SHOCK: The music become the drive of the movie. Did you cut to the music? Was it added later? If so, what music did you temp the edit with?

CARRER: Music is the dancing partner of cinema, music impregnates film giving it life. If you don’t focus on the score or the sonic notation of scenes, then you are leaving your dancing partner at the side lines. It becomes selfish. Our fantastic composer from the U.K, Glen Nicholls, read the script and began creating all these marvelous sounds after he read the story. This was important because it helped me visualize the film. While I was writing the script, I was listening to everything from European trance/techno music to lots of 70’s-80’s stuff like Alan Vega and his group Suicide, early noise bands and then Tangerine Dream. Angus McLellan my editor had all the musical tracks and would cut the scenes to the score then go back and revise accordingly, there was no temp music. Music becomes a core and resonating seed in the film and he had all the music before we even started filming.

SHOCK: What is it about him do you think that filmmakers in Canada keep gravitating towards? And on that note…was he always your Demolisher?

CARRER: Ry Barrett is a warlock of an actor. I have known him for over 10 years and this man is capable of conjuring up depths within a role that not everyone witnesses because he hides them in his nuances. This is a good thing. He doesn’t display everything right in front of the viewer or the character he is playing.  I’ve seen him drop motifs throughout films he was in and sometimes I doubt even the filmmakers saw them, because I sometimes never see them until a film is finished. I wonder if he is even aware of this. This is why he is prolific, he doesn’t over think. He is a natural. He works on a subconscious level instead of external or even internal. This goes beyond that. Ry Barrett was always and is The Demolisher.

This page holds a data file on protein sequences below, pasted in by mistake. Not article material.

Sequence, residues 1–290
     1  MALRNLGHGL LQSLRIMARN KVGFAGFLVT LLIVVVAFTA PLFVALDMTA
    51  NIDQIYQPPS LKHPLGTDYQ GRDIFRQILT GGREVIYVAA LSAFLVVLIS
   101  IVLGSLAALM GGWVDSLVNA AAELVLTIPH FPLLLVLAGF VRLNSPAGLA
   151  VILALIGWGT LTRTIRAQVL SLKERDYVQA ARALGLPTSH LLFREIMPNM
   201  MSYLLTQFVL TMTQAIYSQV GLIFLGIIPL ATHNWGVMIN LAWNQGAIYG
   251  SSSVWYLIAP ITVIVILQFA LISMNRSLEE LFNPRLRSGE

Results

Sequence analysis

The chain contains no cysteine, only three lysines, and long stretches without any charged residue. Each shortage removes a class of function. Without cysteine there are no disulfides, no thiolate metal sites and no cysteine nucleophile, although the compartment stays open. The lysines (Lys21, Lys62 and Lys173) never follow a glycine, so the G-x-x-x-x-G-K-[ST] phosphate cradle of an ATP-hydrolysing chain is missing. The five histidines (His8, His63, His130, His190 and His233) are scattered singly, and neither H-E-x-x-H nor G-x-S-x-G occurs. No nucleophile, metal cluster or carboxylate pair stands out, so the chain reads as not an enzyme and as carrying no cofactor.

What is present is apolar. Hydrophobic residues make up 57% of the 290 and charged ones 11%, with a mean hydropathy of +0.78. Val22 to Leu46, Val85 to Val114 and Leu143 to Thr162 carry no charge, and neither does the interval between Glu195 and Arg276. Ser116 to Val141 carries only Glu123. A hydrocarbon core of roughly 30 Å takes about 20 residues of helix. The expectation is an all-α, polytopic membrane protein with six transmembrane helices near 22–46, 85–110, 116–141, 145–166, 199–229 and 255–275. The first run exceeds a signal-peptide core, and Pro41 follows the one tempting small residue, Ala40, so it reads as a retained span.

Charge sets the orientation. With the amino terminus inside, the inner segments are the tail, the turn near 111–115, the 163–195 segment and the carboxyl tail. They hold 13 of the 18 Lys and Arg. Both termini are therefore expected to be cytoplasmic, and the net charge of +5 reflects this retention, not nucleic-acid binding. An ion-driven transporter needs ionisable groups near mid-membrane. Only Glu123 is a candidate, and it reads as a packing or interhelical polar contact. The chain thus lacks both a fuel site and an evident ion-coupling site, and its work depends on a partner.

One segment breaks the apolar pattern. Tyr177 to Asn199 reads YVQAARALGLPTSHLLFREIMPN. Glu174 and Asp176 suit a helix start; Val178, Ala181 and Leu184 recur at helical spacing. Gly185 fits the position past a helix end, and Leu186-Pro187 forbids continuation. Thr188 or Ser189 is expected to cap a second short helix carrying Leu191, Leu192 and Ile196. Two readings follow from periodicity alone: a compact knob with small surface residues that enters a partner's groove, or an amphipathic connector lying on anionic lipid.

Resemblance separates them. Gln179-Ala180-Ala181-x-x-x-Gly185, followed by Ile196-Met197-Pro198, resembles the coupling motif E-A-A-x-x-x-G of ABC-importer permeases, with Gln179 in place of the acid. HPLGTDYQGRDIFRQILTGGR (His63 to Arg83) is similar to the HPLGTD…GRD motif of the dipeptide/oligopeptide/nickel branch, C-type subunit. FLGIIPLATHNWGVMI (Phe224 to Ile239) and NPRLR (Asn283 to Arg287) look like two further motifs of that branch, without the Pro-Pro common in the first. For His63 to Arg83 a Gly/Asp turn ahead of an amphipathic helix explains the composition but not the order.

SHOCK: What adventures has the film taken you on so far? 

CARRER: Everything was an adventure, from writing the script to it having it’s world premiere at the Fantasia International Film Festival. I was surprised to hear it won the silver audience award for best Canadian feature, because I did not see the film as an audience film and people who have seen it are very divided about it. Following Fantasia it went to SITGES in Spain then to the Vancouver International Film Festival. All which I was very surprised about and even split audiences even more. Germany was the first to pick up the film before it screened anywhere and they gave it special treatment. The fine folks at Meteor Films saw the film as our team did. They were passionate about it and the importance of the score and music. I was not able to attend these festivals except Fantasia, but I did fly to Edmonton to be present with the film at DedFEST. DedFEST screens it’s films at the Garneau Theatre, a huge old theatre that makes it’s audience remember the importance of seeing cinema in the theatre and the experience. 

SHOCK: Critics responded enthusiastically. But – predictably – there has been some dissent from some viewers. As the movie has its own identity and refuses to conform, do you still stand firm that you made the right decisions to make an arthouse action film and not an easily digested crowd-pleaser?

CARRER: Critics are like the weather and drugs, they are unpredictable. The ones who I thought would detest the film ended up embracing it and vice versa. Sometimes you watch critics give bad reviews to films you love, and when they give you a bad review, you are happy because you know you are doing something right. Especially if those films were of inspiration to you.  I loathe conformity with film and cinema. People, producers and some critics place so may rules on what makes cinema, and sometimes they are unconscious of these rules. The decisions I made during the film all came from the process. I did not go into this thinking I was going to make an arthouse action film. I went into this making what I want to see and WHAT would come out of the act of making it. You have to make your film your way. You aren’t making an art house film if you say you want to make one right before the act of doing so. It is a label that is being wrongfully used these days with filmmakers and audience goers. There are films coming out that are trying to be arthouse, then trying to be digested crowd-pleasers because they need to make money. That is a contradiction, it’s not arthouse then. Arthouse is not a label, it is a process! True arthouse is punk, it does not care about financial mediums, compromise or entertainment. Do not compromise. As people, we are always trying to slap labels to define things, it is in our nature to do so, but it is also damaging. If you are making a digested crowd-pleader then do it! There is no shame, just make it and own up to it. Do not hide behind the bedroom door like some unwanted mongoloid troll in front of a beautiful women laying in your bed who wants to be with you.